(Redirected from Social science
Terms like SOSE (Studies of Society & the Environment) not only refer to social sciences but also studies of the environment. See geography for such a subject.
The social sciences comprise the application of scientific methods to the study of the human aspects of the world. They are also known (pejoratively) as the soft sciences (in contrast to the hard sciences), although many social scientists also refer their discipline as the harder sciences given the complexity of their subject matter.
Psychology studies the human mind and behavior; sociology examines human society and human relationships within it; political science studies the governing of groups and countries; communication the flow of discourse via various media; and economics concerns itself with the production and allocation of wealth in society. Social sciences diverge from the humanities in that many in the social sciences emphasise the scientific method or other rigorous standards of evidence in the study of humanity, although many also use much more qualitative methods.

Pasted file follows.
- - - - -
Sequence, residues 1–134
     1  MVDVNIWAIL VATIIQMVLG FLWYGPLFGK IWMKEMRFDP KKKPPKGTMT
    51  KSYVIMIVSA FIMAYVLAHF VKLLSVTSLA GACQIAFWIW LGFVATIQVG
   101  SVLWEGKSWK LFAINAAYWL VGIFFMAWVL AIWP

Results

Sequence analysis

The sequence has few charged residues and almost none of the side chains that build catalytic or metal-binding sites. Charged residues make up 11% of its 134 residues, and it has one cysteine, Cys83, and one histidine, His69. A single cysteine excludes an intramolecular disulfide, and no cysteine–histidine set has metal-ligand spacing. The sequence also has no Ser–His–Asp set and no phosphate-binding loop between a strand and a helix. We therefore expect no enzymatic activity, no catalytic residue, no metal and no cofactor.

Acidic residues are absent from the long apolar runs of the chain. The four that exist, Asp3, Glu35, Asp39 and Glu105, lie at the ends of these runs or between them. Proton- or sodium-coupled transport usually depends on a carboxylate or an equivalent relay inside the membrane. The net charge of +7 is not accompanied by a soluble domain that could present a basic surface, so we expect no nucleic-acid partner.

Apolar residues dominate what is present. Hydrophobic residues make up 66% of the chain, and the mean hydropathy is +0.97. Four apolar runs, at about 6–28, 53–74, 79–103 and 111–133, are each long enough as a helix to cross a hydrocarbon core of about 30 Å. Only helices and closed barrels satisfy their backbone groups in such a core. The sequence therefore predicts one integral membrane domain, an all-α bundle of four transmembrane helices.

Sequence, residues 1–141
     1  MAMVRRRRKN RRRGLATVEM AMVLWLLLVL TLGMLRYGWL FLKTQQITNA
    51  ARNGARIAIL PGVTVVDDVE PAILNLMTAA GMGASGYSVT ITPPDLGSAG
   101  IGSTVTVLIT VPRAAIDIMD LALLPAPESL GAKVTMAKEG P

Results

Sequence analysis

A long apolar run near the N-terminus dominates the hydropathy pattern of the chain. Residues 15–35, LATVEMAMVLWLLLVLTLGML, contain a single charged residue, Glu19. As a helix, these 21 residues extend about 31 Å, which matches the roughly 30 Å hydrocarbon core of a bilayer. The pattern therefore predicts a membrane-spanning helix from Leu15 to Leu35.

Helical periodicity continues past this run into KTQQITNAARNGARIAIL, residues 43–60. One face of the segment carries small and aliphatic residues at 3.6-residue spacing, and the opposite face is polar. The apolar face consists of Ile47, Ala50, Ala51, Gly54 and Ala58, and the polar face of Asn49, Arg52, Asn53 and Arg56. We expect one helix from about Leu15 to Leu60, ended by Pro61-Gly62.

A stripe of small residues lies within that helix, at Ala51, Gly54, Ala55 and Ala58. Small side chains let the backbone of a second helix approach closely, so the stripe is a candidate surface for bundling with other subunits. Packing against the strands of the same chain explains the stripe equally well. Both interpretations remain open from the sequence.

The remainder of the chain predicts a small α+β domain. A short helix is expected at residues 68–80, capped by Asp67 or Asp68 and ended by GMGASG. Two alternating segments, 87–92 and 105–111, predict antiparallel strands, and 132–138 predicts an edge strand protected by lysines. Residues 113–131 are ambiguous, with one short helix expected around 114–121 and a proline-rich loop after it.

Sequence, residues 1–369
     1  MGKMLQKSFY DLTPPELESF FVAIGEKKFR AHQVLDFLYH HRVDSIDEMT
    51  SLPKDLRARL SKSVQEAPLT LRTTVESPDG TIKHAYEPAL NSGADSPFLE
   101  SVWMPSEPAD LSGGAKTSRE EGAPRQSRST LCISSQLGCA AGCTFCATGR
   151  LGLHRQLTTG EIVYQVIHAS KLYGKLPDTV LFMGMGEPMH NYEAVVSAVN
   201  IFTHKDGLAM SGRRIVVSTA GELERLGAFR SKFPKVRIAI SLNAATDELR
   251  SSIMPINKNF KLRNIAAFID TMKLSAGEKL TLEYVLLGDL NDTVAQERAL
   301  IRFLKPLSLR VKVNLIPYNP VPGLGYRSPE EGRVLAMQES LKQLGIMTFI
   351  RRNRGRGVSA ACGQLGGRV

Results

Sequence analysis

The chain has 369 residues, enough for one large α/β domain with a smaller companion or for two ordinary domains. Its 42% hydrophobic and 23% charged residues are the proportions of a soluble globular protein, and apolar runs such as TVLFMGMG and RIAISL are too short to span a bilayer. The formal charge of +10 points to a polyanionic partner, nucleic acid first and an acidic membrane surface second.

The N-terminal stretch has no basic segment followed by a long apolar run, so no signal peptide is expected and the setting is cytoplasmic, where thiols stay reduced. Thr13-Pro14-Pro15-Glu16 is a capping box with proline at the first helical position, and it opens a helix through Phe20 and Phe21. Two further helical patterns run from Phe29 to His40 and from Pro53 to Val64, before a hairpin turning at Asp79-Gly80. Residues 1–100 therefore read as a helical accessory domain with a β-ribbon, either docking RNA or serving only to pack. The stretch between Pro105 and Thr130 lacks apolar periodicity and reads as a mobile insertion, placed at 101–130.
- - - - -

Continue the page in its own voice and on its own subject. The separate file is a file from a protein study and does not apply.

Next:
The main social sciences include:
Anthropology, Communication, History, and Folklore can be considered both social sciences or humanities. Ecological and biological approaches in anthropology are closely related to natural sciences.
Non-traditional sub-fields within social science include:
(For another list of the social sciences, see also: List of academic disciplines)
History of the concept
In ancient philosophy, there was no difference between the liberal arts of mathematics and the study of history, poetry or politics - only with the development of mathematical proof did there gradually arise a perceived difference between "scientific" disciplines and others, the "humanities" or "liberal arts". Thus, Aristotle studies planetary motion and poetry with the same methods, and Plato mixes geometrical proofs with his demonstration on the state of intrinsic knowledge.
This unity of science as descriptive remains, for example, in the time of Thomas Hobbes who argued that deductive reasoning from axioms created a scientific framework, and hence his Leviathan was a scientific description of a political commonwealth. What would happen within decades of his work was a revolution in what constituted "science", particularly the work of Isaac Newton in physics. Newton, by revolutionizing what was then called "natural philosophy", changed the basic framework by which individuals understood what was "scientific".